Passing a Stopped School Bus

  • Passing a stopped school bus could be a very costly mistake. If convicted for passing a stopped school bus in North Carolina, the General Statute carries an assessment of five (5) points on your license, a fine of up to $200, and a significant increase in your insurance.

    In December 2013, a bill passed the North Carolina General Assembly to increase the penalties for passing a stopped school bus with the stop arm deployed. Senate Bill 16 amended the law by allowing the Division of Motor Vehicles to revoke the driver's licenses of illegal bus passers. First convictions could result in the revocation of the individual's driver's license for 30 days for the first offense. Passing a stopped school bus is a Class I misdemeanor that is punishable by up to 120 days in jail and significant discretionary fines by the court.

    Suppose a motorist passes a stopped school bus and strikes a child, causing bodily injury. In that case, the driver will be charged with a Class I felony, punishable by 15 months in prison and given fines discretionary by the court.

    It is not uncommon for motorists to drive recklessly when approaching a school bus. When you see the amber lights on a school bus, that means the motorist should start slowing down. The bus driver is activating the amber lights to give the motorist notice that they are getting ready to activate the red lights and stop. Driving recklessly to get around a school bus that is driving safely endangers the motorist and the children on the school bus.

    Help keep the children of Charlotte-Mecklenburg Schools safe. The North Carolina School Bus Safety organization has compiled some useful information about the North Carolina School Bus Stop Law. Your School Passenger Bus Stop is a short video about the safety of children during a passenger stop. Please refer to the related link, North Carolina School Bus Stop Law, for specific diagrams.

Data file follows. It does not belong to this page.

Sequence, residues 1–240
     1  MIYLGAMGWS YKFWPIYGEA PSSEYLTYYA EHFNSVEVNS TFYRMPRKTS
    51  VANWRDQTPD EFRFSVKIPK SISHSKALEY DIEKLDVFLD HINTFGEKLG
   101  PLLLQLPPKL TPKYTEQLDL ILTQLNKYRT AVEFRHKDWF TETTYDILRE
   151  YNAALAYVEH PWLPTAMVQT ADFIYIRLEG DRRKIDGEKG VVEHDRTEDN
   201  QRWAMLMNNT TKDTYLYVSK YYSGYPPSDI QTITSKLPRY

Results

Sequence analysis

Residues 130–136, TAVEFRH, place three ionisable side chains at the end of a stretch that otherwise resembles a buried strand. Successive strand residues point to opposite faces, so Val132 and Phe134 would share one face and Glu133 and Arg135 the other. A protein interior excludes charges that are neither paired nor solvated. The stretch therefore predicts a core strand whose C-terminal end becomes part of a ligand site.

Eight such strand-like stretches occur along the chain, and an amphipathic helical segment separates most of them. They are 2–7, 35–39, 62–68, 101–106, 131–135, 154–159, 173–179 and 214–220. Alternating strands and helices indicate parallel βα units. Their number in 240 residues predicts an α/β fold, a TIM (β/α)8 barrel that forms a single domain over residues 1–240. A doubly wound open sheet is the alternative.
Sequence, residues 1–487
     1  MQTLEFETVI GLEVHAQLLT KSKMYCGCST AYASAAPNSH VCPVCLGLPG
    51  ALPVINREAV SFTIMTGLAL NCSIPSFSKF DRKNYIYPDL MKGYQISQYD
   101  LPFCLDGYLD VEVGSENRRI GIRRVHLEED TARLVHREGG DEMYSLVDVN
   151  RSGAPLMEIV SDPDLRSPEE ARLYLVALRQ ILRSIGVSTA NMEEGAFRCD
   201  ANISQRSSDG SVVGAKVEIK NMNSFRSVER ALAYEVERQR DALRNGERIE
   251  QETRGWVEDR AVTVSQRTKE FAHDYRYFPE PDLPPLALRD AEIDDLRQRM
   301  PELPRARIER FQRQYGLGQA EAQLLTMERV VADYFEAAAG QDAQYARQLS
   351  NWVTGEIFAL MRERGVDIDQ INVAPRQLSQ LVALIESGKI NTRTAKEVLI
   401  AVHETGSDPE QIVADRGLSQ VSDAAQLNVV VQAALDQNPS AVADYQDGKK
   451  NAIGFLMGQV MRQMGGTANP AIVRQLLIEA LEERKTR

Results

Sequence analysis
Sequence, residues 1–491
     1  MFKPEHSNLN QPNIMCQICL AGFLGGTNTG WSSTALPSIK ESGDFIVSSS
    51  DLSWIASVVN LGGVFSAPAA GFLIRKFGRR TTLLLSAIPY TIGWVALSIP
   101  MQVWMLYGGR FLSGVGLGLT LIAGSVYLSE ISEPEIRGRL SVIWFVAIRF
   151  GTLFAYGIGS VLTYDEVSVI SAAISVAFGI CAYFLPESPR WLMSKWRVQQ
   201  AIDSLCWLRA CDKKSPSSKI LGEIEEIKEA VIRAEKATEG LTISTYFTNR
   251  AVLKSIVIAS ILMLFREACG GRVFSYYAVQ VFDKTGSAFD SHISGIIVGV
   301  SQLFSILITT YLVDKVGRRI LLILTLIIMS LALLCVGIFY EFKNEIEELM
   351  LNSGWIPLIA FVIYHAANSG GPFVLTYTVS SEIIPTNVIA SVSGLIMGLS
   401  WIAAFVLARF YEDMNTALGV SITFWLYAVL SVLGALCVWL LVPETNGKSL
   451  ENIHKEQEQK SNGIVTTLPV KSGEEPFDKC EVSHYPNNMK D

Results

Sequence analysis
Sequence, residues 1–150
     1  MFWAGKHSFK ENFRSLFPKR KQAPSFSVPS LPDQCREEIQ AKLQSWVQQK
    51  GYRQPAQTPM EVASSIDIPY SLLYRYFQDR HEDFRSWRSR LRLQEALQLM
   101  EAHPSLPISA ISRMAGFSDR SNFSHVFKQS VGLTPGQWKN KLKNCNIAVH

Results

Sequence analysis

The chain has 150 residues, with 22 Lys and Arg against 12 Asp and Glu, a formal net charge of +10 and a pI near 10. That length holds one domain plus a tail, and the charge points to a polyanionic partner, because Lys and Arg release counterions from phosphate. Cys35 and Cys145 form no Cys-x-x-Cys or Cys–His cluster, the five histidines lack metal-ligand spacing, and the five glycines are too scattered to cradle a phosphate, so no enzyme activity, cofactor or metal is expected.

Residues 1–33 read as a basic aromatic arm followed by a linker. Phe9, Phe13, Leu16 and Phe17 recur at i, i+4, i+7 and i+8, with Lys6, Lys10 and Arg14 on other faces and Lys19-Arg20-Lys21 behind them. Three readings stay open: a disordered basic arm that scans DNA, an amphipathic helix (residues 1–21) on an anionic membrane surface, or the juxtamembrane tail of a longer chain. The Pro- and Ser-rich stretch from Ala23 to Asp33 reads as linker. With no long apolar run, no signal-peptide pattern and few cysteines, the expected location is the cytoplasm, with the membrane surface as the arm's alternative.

Speeding in a School Zone

    Slow down to the posted speed limit in a school zone. Speeding in a school zone will cost violators ten (10) times more than last year, after a fine increase went into effect on Thursday, August 25, 2011. The North Carolina General Assembly increased the speeding penalty in school zones and school property from $25 to $250. In addition, the General Statute carries an assessment of 5 points on the motorists' license and an increase in your insurance.

    School zones are in effect to protect children while walking to and from school. Therefore, motorists should be aware of the lower speed in the school zone now that the school is in session. Generally, the school zone speed limits are in effect a half-hour before the start of the school day. And, again, for a half-hour in the afternoon after the students have been dismissed for the day.

    See the North Carolina Bus Safety Web for more information.